ASUS A55A-TS51 Laptop ($480): After a $20 coupon (SUL100705 at checkout), ASUS' A55A-TS51 mainstream notebook comes down to a clean $480. You won't be playing any intensive games on this, but for everyday office, browsing, and school/work use, it's more than capable of getting the job done quickly and efficiently. The notebook ships with an Ivy Bridge CPU -- an i5-3230M -- which, being "old" (an entire year), helps drive the cost down below its Haswell-equipped competition. From a specifications standpoint, no mainstream end user will really notice a speed difference. There are power saving advantages to Haswell, though those are most visible on tablets.
Corsair Carbide 400R Mid-Tower ($60): With a $10 MIR and $10 coupon (FJP99700), Corsair's Carbide 400R can be picked up well within any Cheap Bastard's budget. Anyone assembling an entry-level or mid-range system would do well to consider the 400R, which ships with ample space for a basic ATX rig and 3x120mm cooling fans.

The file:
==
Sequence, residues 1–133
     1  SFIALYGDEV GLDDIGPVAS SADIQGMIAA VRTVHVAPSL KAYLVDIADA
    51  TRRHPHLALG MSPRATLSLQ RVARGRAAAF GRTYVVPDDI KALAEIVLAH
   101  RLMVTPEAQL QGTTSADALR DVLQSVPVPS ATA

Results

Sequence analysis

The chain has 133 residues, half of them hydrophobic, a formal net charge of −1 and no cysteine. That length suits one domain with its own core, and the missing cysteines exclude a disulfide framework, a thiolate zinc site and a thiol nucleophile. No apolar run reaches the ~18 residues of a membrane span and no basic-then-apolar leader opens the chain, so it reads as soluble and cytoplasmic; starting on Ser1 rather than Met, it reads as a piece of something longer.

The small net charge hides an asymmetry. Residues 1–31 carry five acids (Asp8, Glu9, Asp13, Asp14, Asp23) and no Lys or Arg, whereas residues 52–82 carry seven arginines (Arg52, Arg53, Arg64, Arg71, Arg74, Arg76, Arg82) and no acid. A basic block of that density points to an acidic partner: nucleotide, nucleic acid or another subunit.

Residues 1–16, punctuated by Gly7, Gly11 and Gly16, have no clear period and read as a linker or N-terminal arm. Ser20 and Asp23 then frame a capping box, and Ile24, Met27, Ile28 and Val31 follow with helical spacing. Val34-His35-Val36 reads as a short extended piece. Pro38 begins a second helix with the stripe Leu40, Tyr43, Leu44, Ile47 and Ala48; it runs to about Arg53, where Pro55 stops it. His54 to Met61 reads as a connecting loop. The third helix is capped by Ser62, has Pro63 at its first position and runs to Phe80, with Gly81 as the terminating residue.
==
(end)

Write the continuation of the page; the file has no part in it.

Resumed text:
Corsair H100i Liquid Cooler ($90): We didn't get a chance to officially test the H100i back when we benchmarked Corsair's newer, larger CLC solutions, but we've had enough hands-on to feel comfortable making this recommendation at the $90 price-point. The 'i' suffix in Corsair products indicates that the device is software-enabled, so you can configure custom fan-speed curves that are more in-tune with your noise and cooling requirements.
Cooler Master eXtreme 550W PSU ($20): Given the capital 'X' in its name, Cooler Master's xXeXtremeXx 550W PSU (OK, we embellished the name a bit) isn't exactly the best power supply you could stick in a system, but at $20, it's a damn reasonable buy for anyone building a rig in the $300-$520 price range.
Pick of the Weekend
Kingston V300 120GB SSD ($80): We turn to
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- Steve "Lelldorianx" Burke.